Thymus cancer, or thymoma, is a type of cancer that begins in the thymus, an organ found at the top of the chest area. The thymus has an important immune-related function, and helps to protect the body against alien bodies by producing white blood cells. Thymus cancer is an extremely rare type of cancer, and affects very few people each year. While little is known about the causes of thymoma or thymus cancer, research indicates that there may be a strong genetic component, as some families find that thymus cancer affects several generations of their family.
Thymus cancer first presents itself when the normal cells in the thymus start to mutate. These mutations develop into a tumour that may be benign or that may be cancerous. Thymus cancer can develop in two different ways: as an epitheilial cancer, or as a lymphoma cancer. Epithelial cancer refers to cancers that develop on the surface of an area of the body, such as the wall of the thymus, while lymphomas can spread into the lymph system. There is a third type of thymus cancer, although extremely rare: this type of cancer is called a carcinoid tumour.
Unlike some times of aggressive cancers, thymus cancer tends to be fairly slow-growing. In addition, it tends not to metastasise beyond the thymus, although it does occasional spread to the lungs. Carcinoid tumours are more likely to spread, and can be difficult to treat.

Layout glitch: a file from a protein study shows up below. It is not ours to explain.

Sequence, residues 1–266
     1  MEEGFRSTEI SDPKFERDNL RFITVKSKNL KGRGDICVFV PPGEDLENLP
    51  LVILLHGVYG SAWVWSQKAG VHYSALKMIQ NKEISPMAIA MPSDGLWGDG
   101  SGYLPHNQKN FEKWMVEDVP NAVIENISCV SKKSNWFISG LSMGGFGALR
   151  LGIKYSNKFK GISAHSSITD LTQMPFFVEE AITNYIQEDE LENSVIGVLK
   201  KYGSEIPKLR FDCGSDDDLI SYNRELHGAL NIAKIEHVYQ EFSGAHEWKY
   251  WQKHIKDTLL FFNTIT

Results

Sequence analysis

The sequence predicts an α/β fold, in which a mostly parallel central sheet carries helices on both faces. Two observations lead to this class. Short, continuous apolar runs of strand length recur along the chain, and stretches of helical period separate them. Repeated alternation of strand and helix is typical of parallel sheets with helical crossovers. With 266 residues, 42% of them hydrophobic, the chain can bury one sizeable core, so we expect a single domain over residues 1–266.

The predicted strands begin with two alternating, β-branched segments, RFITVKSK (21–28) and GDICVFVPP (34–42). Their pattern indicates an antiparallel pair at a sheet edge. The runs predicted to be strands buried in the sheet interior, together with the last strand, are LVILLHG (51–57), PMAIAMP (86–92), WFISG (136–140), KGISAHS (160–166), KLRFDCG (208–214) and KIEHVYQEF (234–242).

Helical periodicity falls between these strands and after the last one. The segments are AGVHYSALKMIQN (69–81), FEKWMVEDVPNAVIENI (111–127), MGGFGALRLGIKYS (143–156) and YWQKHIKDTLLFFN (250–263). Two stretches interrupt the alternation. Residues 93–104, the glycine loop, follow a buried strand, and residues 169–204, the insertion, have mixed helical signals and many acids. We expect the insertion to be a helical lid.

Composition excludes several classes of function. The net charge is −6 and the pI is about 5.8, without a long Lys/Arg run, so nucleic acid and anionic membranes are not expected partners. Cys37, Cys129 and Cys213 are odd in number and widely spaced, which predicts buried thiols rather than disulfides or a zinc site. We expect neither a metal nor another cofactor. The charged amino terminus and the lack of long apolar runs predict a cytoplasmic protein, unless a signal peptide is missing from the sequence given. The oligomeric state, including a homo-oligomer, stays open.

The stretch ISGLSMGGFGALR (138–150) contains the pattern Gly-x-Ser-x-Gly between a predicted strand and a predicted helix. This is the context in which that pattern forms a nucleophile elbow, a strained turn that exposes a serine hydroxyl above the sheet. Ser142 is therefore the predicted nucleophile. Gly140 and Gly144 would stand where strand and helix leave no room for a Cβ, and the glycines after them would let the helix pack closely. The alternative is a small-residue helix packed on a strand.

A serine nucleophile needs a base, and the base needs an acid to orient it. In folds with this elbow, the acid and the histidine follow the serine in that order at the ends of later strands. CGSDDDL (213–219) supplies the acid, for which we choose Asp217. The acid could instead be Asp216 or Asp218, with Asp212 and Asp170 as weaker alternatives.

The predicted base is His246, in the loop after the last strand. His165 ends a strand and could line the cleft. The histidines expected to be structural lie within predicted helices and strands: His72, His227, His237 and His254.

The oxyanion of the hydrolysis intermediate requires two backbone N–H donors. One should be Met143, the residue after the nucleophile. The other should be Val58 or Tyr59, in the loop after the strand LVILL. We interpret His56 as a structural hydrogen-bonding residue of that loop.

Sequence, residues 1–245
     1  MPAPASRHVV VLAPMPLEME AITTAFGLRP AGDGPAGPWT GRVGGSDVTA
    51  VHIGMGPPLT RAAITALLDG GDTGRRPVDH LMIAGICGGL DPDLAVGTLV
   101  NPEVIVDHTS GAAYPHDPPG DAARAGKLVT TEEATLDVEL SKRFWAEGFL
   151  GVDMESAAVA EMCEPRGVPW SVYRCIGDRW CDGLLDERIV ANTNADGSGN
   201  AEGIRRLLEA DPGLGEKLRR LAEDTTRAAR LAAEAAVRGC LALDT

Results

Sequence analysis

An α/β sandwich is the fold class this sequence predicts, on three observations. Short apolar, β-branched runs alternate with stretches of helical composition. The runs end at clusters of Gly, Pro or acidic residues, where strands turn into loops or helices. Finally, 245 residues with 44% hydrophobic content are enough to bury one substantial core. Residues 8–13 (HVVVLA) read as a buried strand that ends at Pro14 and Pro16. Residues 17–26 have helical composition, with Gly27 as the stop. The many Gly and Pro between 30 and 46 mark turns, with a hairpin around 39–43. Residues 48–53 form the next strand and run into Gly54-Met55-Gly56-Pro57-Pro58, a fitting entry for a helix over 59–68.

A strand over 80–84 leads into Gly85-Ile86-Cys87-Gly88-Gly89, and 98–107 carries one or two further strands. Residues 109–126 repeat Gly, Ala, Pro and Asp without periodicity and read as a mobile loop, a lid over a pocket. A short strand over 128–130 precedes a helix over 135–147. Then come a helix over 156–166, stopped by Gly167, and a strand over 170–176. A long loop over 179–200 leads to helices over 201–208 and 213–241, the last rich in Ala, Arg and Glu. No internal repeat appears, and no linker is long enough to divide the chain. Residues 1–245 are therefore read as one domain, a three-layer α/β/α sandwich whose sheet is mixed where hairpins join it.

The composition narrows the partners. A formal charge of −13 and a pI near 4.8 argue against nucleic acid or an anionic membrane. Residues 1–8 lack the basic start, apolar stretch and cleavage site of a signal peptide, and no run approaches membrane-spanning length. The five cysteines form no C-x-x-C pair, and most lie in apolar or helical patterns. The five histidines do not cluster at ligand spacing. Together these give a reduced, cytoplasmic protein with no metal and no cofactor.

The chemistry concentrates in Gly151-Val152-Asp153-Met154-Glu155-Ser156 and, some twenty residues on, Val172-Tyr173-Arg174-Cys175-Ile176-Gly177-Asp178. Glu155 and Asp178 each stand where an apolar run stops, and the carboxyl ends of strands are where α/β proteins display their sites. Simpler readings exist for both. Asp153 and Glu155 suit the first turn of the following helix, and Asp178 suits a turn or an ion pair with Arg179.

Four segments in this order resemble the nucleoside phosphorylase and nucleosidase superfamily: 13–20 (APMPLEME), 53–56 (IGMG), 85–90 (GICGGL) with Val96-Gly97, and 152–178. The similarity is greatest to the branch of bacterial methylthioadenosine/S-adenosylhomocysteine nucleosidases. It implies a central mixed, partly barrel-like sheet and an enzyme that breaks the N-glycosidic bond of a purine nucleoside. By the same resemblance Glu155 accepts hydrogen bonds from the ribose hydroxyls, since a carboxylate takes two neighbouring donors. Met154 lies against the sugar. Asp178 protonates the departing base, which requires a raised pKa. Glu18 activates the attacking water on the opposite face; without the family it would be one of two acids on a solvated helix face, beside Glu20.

A condition that tends to co-occur with thymus cancer is that of myasthenia gravis. This condition is an auto-immune disorder that involves the various protective cells of the body attacking itself. This can result in muscle-related difficulties, and also difficulties in breathing and swallowing. Many people who suffer from thymus cancer may also suffer from a series of syndromes that affect red blood cell count.
Thymus cancer is difficult to detect and is often only found as part of a screening procedure for another condition. In addition, many thymus cancer sufferers do not display any symptoms other than those mentioned earlier. The most common type of treatment for early thymus cancer is surgery, but chemotherapy is also used to help treat thymus cancer. It is possible that some alternative treatments may help to slow the development of thymus cancer and may improve the cancer patient’s quality of life.